Puzzle 2
| Puzzle 2

Developers can get us mere mortal gamers to play any old rubbish if they place it in the right setting.

A film licence here, the prospect of scoring with a pixelated beauty there – we're often happy as larry if the game helps us live out our dreams, even if the gameplay is somewhat lacking.

Clearly, the designers at Cocoasoft are unaware of such laws however. With Puzzle 2, they've served up a game stripped of all character – the setting seemingly lifted straight from a Robyn video – where simply playing is your only reward.

Block rockin' beats

Luckily for us, the challenge on offer here is, on the whole, valid enough to mean a snazzy setting would be surplus to requirements.

The concept is as simple as Puzzle 2's name. Your job is to guide a rectangle around a grid, tipping it lengthways or rolling it on its side, so that it stands horizontally on a designated grid square.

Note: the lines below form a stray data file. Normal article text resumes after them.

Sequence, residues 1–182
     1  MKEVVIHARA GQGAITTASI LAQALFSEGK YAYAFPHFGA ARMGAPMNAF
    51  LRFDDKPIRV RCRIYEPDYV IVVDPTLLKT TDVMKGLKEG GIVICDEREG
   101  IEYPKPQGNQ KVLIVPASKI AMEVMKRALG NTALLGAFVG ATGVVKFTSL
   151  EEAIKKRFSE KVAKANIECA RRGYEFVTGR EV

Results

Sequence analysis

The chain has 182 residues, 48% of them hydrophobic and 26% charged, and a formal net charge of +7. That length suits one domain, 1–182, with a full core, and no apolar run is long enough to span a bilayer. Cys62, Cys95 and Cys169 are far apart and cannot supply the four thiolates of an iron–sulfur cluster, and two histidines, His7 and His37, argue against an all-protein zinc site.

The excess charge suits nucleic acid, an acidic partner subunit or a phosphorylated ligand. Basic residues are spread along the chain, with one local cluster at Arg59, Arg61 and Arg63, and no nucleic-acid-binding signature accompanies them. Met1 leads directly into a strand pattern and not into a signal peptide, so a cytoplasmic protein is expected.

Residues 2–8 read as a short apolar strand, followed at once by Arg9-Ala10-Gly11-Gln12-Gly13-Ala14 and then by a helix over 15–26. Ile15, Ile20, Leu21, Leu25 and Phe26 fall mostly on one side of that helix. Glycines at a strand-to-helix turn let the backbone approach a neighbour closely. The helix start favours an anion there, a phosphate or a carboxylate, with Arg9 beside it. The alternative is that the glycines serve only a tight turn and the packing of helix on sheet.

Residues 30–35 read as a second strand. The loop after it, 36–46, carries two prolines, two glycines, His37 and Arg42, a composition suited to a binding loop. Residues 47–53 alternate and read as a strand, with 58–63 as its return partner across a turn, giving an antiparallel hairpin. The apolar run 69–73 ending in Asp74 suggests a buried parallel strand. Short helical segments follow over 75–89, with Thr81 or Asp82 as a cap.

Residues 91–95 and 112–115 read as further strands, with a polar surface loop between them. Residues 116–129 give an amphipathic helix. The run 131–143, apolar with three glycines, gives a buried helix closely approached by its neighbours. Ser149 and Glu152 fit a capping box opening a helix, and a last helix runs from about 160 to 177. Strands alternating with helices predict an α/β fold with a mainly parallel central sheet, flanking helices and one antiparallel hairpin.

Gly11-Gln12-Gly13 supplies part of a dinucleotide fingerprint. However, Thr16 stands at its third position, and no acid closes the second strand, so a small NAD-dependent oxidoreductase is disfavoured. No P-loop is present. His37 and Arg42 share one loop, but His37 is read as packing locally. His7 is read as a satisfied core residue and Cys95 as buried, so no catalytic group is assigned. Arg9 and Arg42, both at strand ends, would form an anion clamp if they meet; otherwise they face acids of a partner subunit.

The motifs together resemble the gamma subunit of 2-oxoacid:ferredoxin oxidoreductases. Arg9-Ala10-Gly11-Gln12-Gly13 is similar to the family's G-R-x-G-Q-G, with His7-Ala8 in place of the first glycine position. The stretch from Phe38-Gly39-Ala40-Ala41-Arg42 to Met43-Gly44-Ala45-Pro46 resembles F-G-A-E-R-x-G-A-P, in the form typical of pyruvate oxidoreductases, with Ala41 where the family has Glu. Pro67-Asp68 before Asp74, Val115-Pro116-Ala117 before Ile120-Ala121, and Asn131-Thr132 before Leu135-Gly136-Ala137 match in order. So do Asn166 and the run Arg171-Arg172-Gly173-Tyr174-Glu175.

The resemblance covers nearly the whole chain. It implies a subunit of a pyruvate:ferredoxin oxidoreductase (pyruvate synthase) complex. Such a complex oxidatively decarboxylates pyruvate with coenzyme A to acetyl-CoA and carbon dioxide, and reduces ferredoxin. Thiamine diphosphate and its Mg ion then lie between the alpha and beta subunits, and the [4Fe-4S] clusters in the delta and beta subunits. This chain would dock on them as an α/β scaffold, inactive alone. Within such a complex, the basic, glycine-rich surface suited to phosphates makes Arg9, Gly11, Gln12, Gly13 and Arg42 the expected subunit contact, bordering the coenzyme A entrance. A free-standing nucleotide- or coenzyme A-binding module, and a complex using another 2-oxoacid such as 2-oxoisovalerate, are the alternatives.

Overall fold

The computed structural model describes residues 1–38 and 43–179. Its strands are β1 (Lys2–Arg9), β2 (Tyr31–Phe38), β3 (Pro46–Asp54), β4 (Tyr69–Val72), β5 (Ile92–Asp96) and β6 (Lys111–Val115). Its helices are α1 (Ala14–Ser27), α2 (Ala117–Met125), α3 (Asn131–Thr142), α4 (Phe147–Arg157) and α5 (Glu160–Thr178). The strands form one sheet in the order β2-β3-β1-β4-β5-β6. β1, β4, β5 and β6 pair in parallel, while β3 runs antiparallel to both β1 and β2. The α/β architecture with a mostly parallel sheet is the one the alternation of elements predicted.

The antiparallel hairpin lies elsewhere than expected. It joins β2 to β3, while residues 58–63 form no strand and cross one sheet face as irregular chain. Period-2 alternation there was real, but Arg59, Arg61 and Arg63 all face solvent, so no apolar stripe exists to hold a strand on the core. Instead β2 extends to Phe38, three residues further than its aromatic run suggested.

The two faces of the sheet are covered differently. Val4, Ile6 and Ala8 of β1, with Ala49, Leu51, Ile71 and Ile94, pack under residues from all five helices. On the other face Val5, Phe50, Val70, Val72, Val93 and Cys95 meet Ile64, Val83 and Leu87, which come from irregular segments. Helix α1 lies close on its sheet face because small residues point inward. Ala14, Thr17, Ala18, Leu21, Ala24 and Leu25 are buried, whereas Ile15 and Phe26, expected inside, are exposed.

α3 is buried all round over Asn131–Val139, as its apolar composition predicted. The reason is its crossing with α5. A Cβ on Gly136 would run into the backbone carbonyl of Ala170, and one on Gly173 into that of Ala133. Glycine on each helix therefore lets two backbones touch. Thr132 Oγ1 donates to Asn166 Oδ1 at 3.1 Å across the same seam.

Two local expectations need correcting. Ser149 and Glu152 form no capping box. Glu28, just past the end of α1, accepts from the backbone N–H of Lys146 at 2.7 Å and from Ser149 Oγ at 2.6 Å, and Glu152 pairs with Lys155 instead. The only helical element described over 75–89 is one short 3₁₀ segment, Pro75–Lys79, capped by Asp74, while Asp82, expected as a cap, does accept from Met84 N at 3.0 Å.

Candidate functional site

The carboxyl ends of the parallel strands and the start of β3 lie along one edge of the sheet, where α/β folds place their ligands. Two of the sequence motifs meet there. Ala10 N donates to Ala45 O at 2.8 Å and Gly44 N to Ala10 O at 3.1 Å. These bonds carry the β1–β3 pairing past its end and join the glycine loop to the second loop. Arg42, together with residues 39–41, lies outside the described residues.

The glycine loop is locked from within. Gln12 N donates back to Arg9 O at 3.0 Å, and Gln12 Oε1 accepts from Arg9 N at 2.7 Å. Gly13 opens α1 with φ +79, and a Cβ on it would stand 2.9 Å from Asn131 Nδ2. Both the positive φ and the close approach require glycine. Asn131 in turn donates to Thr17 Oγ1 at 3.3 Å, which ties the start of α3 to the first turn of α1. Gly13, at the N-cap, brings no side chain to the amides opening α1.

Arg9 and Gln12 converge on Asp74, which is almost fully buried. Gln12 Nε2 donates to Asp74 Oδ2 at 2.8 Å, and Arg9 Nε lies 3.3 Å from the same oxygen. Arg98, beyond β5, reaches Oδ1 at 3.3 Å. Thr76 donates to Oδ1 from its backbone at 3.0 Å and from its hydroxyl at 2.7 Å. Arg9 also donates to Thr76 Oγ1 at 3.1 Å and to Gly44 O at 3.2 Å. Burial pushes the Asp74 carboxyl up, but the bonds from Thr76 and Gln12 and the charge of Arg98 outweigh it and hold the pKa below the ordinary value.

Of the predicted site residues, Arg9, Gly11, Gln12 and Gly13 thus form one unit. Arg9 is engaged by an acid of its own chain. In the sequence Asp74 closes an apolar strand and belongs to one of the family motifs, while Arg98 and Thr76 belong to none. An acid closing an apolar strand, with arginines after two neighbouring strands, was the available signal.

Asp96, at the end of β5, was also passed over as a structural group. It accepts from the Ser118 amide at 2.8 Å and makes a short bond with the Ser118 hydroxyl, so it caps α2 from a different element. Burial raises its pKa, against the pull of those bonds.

With the game counting your moves as you go, making sure you both manipulate your shape so that it's standing on its end when it needs to be, and avoids falling into the oblivion in the process (each stage essentially floating in mid-air, like some bizarre Lego space station) is certainly no easy task.

Diamond double

Of course, it's something we've seen before. Puzzle 2 is both Tika Rola or Diamond Islands – amongst others - under a different name, the principle largely identical, but the setting somewhat different.

Almost identical are the added hurdles that begin to litter stages as you press forward – teleports, buttons that open up new areas and even virtual shapes that can be moved to open up your path to the finish line feature.

As such, if the aforementioned releases already have a place in your collection, Puzzle 2 most likely represents a needless purchase.

Revolutionary it certainly isn't, though it'd be hard to suggest it's anything other than solid, despite its familiarity. A suitable first step for newcomers to the block tipping genre, then.

Puzzle 2

Retracing some familiar steps, Puzzle 2 nonetheless serves up some solid block-tipping action in a somewhat sterile setting
Keith Andrew
Keith Andrew
With a fine eye for detail, Keith Andrew is fuelled by strong coffee, Kylie Minogue and the shapely curve of a san serif font. He's also Pocket Gamer's resident football gaming expert and, thanks to his work on PG.biz, monitors the market share of all mobile OSes on a daily basis.